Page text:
Editor’s Note: This article by Matthew Cox originally appeared on Military.com, the premier source of information for the military and veteran community.
The U.S. Army's top enlisted leader is trying to build momentum for an effort to create two new pay grades — E-10 and E-11 — to compensate senior noncommissioned officers as they take on more command responsibility.
Currently, enlisted pay grades stop at E-9, but command sergeants major typically advance from battalion level to higher command positions such as brigade-, division- and corps-level CSM without additional compensation.
Commissioned officers receive a pay increase each time they are promoted, all the way up to four-star general.
Sgt. Major of the Army Daniel Dailey discussed the effort at a recent conference in Texas but would not comment for this article.
“Unfortunately, at this point, there is nothing to announce,” said Master Sergeant Tyrone C. Marshall Jr., the SMA's spokesman, responding to questions from Military.com. “The mention of possibly expanding anything was all simply pre-decisional discussion at the SMA's annual conference in El Paso, Texas.”
While the effort is being discussed behind closed doors, it's generating a high level of interest on social media.
Creating two new enlisted pay grades would be an uphill battle, as other services would likely make similar moves — and such an effort would require support from leaders at the Pentagon and lawmakers on Capitol Hill.
If approved, it would represent a major cultural shift in addressing a long-standing pay disparity between the enlisted and officer classes.
Upon graduating the U.S. Army Sergeant Major Academy, NCOs are promoted to E-9 and assume their first sergeant major position, working alongside a major or lieutenant colonel.
“From that point on, he gets elevated in responsibility at higher levels of command, and he never gets another pay raise for his grade … and officers will get recognized when they move up with a different rank and different pay amount,” said Command Sgt. Major John Raines, the command senior enlisted leader for the Mississippi Air and Army National Guard.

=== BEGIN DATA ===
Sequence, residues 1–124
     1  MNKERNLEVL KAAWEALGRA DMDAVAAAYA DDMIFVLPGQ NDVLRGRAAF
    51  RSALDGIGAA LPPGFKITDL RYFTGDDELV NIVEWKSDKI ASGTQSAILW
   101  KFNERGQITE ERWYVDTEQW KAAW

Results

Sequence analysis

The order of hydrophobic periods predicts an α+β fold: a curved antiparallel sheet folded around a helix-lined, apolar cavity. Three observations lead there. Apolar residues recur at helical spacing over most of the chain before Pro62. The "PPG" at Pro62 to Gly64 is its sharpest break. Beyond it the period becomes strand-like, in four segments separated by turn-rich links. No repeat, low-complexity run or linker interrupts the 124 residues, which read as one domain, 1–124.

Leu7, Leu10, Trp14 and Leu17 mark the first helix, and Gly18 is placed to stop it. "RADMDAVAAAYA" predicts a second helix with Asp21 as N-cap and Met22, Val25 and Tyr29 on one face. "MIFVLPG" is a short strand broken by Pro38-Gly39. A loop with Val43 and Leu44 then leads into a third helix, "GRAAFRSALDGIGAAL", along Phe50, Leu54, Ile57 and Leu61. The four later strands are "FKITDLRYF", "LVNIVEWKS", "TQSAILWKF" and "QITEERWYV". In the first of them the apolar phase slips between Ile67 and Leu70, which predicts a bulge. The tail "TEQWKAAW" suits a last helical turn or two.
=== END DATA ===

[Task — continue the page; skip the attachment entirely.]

“It's just the way it is. A lot of things we do in the military are a custom, things that are handed down time after time after time and some of those things are just the way they are.”
CSMs do receive a monthly stipend when they work with general officers.
“I make an additional $150 a month by working at a two-star level,” Dailey said, adding that the stipend increases by $75 for each star. “That money is just while I am in the position, so when I retire that money will not be calculated into my retirement.”
To Raines, it will be difficult to get sergeant majors to get behind a pay raise for themselves when there are so many other priorities to meet the needs of soldiers.
Retired Army Reserve Sgt. Maj. Timothy Plunk of Mississippi said he believes the current pay ceiling for sergeant major needs to change.
“It's very outdated, but nobody ever wanted to tackle it or start raising issues about pay because then you get criticized; then you are a troublemaker,” Plunk told Military.com.
Stephen Dailey retired from the Army Reserve as a command sergeant major in 2003 and remembers talk of an effort to give CSMs a bump in pay when they moved into brigade, division and corps level positions.
“If they haven't adopted the additional pay for division CSMs … and the corps CSMs, I'd say this is a route they are going to want to take,” said Dailey, who is no relation to SMA Dailey.
“From being in Operation Enduring Freedom with 700 troops under me, it kept me busy with discipline and keeping my NCOs in line and all that stuff. I can't imagine what taking care of 3,000 or 12,000 would be like.
“In my opinion, the CSMs that are above what I was deserve a pay-grade bump.”
But creating new enlisted pay grades is no small feat. After Army approval, the effort would have to win support from all the services, Secretary of Defense James Mattis and Congress.
“If the chief of staff of the Army and the secretary of the Army and the secretary of defense, if they agree with that, then it will happen,” Raines said. “If it's not something they can support, then it won't happen.
“There are a lot of needs in the services; you prioritize those needs and I just see that it would be hard pressed to make it on top of the priority list.”
This article originally appeared on Military.com.
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